He said that hospitals around the United States tell children with cancer and their families about childhood cancer camps but they have a vested interest in doing fundraisers for themselves and not necessarily the camps. Hospitals focus on the physical health of the patients, whereas childhood cancer camp is focused on the mental health of the children. It is an opportunity for sick kids to act and feel like a normal kid for a whole week, and to make friends with other kids who are in similar situations.
Fern is walking to raise awareness and money for camps all over the country—but he also has a day job. He owns a software company in California. He has been doing software consulting for over 20 years. He is working from the road because he has estimated his walk will take him 7 months.
Fern starts each day in his RV. He parks it approximately 25 miles away from his last walking stop and then walks the distance to his RV each day. He said he is 50 now and not interested in being out there roughing it, especially in the Mohave desert. At the end of each day he sleeps in his RV and completes work for his business over the internet.
He has also started a grant program that allows any children’s cancer camp to apply for a grant. The grant is awarded in the form of a check which is given to the camps with the most needs. Fern is on foot to raise awareness, but also to see with his own eyes the needs of these groups across the country. He contacts the camps in each state he visits and in some cases is able to arrange what he calls “Walk and Roll with Kevin’s IV Pole.” For this event children who are able get invited to walk with Fern, in a safe place to help promote the local camps.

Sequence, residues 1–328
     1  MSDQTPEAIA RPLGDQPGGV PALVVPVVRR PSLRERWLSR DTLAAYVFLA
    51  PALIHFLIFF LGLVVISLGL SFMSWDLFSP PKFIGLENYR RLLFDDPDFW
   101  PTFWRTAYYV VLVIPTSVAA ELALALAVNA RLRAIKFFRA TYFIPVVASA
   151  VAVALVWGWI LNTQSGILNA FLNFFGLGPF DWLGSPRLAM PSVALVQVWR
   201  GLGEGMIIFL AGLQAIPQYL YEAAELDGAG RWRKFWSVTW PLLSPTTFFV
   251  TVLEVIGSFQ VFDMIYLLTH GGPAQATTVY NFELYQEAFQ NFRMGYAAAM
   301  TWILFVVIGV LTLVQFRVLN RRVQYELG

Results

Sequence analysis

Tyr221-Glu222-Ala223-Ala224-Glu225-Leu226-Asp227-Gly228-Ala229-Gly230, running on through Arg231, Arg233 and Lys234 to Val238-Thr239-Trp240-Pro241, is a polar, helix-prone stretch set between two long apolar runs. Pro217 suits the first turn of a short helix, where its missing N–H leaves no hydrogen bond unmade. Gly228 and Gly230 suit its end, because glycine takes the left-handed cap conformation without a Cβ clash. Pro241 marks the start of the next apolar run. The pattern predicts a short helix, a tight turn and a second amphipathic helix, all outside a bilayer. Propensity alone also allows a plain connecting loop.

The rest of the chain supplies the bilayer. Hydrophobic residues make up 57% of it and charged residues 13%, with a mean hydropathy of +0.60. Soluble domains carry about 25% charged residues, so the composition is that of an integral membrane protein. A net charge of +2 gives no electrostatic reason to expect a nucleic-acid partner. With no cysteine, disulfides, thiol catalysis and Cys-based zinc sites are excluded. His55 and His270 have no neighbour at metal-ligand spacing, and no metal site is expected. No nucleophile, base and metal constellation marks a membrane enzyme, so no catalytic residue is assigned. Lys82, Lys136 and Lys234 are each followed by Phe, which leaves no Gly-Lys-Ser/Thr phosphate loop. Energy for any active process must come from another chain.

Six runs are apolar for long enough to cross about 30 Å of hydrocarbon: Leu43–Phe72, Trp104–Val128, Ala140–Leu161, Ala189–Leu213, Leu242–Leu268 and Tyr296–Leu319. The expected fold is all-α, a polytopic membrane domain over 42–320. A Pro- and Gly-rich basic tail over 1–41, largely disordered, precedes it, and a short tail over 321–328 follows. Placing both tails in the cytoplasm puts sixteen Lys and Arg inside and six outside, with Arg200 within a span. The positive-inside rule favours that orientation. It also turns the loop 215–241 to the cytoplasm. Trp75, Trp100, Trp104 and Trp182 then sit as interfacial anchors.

Camp Enchantment, at Manzano Mountain Retreat, here in New Mexico met with Fern but they were unable to organize the walk due to schedule conflicts. Camp Enchantment has been here for 30 years. The idea is to give the children, fighting to live, an opportunity to have a normal existence, even if it’s only for a short time. Kids across the state age 7 to 17 are welcome to join the camp, along with siblings and cancer survivors.
There are also eight counselors-in-training and another 52 volunteer staff including doctors, former camp attendees, counselors, artists, and many activity coordinators. Medical staff are onsite at camp 24 hours a day. For more information visit campenchantment.org.
If you would like to follow Fern’s story as he continues his journey, visit kevinsivpole.com. He is also on Facebook, Instagram, Twitter and YouTube, all under the handle “Kevin’s IV Pole.”
Leota started working for The Independent in 2006, working her way up through the ranks. An employee buyout in 2010 led to her ownership of the newspaper. Leota has served on the board of the N.M. Press Association, and is currently its First Vice President. She is passionate about health and wellness, especially mental health, and loves making art. She can be reached at email@example.com.